There is no simple equivalent to Baghdad in Afghanistan. Instead, most of the population — and the insurgency — is dispersed in rural areas. Nevertheless, some areas, such as Kandahar city and the districts around it, are more important — to the enemy, to the Afghan government, and to us — than others. And yet, there are almost no counterinsurgents whatsoever in all but two of the districts around Kandahar, and none in the city itself, just a scant footprint from the Afghanistan national security forces. Worse still, the ratio of counterinsurgents to the population in those two districts is approximately 1 to 44, close to the minimum requirement. A good evaluation of our priorities in Afghanistan would yield a significantly different, and more effective, distribution of coalition forces. This is undoubtedly why McChrystal recently told reporters that he will be concentrating forces around Kandahar city.

2. Fighting in the wrong ways

Another problem is that NATO forces have briefed counterinsurgency doctrine better than they have practiced it. Almost all NATO units in Pashtun areas claim that they are protecting the population by engaging in a sequence of military operations known as “shape-clear-hold-build.” But these forces move through the sequence too rapidly. Based on recent experiences in Iraq, shaping an area requires 30 to 45 days, clearing it requires three to six months, and holding it takes longer than that. With very few exceptions, NATO forces in Afghanistan have never operated on such timelines. They condense shaping and clearing operations into a few weeks, and then they transition prematurely into what they perceive as a hold phase. As a result, NATO forces rarely gain permanent control over areas — or if they do, those areas are so small as to have little effect on the insurgency or the population. The enemy simply dissipates and then returns.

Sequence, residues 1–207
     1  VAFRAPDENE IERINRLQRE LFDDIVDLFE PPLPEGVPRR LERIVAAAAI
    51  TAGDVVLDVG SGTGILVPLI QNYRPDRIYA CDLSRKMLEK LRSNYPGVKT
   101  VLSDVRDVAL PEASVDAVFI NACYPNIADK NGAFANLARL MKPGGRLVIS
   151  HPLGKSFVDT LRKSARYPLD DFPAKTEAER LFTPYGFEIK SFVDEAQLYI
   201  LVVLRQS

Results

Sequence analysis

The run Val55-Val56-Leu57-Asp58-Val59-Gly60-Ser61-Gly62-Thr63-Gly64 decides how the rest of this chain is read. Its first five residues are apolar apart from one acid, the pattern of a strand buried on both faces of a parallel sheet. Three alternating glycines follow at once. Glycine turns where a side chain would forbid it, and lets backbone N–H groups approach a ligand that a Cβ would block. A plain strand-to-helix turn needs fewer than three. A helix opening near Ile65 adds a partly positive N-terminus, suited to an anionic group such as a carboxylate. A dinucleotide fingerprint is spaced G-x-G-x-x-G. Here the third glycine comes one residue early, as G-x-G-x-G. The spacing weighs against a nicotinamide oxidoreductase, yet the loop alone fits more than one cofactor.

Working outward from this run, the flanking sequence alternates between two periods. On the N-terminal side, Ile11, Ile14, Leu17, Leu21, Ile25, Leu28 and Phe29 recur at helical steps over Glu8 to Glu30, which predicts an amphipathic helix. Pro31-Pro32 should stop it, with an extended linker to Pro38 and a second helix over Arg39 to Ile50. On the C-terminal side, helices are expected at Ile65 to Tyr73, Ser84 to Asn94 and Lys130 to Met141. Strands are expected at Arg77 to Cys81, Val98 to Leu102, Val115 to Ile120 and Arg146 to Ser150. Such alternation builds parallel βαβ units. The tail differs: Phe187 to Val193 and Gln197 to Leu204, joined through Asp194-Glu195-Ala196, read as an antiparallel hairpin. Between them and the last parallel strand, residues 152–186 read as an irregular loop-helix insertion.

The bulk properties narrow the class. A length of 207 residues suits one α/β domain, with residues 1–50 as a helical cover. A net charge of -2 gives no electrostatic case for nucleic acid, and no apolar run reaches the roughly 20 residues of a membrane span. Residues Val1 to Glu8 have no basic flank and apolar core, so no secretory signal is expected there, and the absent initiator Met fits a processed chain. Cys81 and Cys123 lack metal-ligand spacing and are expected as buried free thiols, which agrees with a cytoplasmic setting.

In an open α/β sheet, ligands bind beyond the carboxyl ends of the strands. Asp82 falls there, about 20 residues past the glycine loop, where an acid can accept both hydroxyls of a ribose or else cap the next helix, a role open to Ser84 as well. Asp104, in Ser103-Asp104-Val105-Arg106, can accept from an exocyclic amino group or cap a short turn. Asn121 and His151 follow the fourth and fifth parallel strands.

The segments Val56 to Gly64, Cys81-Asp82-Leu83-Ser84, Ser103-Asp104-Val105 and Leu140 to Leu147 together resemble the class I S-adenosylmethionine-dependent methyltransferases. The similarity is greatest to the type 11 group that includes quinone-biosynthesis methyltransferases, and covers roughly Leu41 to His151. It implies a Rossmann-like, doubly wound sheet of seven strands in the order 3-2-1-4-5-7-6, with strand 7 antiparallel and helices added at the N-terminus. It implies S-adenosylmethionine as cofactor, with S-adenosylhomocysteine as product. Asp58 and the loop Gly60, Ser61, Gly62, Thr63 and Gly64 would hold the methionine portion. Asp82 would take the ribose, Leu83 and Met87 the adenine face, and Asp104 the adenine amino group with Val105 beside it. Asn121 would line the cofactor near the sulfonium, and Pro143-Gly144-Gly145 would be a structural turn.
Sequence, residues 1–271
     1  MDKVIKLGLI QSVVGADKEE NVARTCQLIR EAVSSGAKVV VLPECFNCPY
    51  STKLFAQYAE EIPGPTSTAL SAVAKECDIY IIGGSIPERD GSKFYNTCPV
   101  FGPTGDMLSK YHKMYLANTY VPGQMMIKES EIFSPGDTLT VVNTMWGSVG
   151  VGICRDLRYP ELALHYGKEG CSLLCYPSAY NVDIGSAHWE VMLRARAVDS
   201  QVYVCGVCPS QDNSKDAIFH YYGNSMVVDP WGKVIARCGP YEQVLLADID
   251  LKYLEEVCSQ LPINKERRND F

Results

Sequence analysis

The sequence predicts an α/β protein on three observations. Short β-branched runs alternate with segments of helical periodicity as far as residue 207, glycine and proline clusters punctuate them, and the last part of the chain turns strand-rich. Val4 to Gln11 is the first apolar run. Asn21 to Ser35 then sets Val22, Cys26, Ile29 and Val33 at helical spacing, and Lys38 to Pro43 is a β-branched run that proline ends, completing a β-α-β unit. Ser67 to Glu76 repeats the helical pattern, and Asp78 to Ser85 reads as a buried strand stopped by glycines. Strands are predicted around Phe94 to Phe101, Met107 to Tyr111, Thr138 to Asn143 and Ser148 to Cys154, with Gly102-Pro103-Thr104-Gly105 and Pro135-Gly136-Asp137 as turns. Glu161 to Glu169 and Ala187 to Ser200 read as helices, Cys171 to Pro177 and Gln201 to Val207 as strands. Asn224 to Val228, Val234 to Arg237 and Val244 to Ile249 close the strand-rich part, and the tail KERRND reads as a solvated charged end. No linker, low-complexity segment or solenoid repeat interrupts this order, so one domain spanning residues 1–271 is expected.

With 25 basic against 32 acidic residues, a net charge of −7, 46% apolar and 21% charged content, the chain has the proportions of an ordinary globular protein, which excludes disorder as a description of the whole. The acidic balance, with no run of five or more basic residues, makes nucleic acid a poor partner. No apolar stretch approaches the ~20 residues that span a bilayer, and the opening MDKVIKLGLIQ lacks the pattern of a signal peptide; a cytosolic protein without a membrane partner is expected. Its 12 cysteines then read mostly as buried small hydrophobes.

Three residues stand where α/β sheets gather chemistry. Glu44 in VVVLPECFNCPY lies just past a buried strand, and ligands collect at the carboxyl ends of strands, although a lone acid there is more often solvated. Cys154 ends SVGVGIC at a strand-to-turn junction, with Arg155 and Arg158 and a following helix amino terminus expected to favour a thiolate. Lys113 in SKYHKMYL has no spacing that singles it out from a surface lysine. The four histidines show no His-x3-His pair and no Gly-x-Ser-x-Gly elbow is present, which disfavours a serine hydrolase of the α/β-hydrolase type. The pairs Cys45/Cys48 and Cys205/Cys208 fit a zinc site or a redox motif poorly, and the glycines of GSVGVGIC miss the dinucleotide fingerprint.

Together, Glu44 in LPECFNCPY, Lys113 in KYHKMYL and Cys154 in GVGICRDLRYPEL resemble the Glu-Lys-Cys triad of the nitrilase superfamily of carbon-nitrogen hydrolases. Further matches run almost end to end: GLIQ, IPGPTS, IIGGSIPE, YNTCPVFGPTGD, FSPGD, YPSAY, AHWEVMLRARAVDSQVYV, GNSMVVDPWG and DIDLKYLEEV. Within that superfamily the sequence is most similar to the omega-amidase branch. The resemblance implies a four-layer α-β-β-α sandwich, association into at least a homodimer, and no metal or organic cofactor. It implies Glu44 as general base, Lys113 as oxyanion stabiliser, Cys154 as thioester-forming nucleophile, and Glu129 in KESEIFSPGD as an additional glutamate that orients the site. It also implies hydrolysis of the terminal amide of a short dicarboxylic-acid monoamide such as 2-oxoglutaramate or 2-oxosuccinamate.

What’s more, coalition and Afghan forces are excessively focused on securing supply lines and reducing the threat of improvised explosive devices through tactical efforts rather than by countering the insurgency. Consequently, many forces — especially Afghan forces — are distributed along the ring road, the main corridor that circles the country. Static positions such as these waste troops. Of course, our forces must be able to maneuver along strategic corridors, but the best way to do that is by securing populated areas and maneuvering off the ring road to defeat the enemy in its sanctuaries and support zones.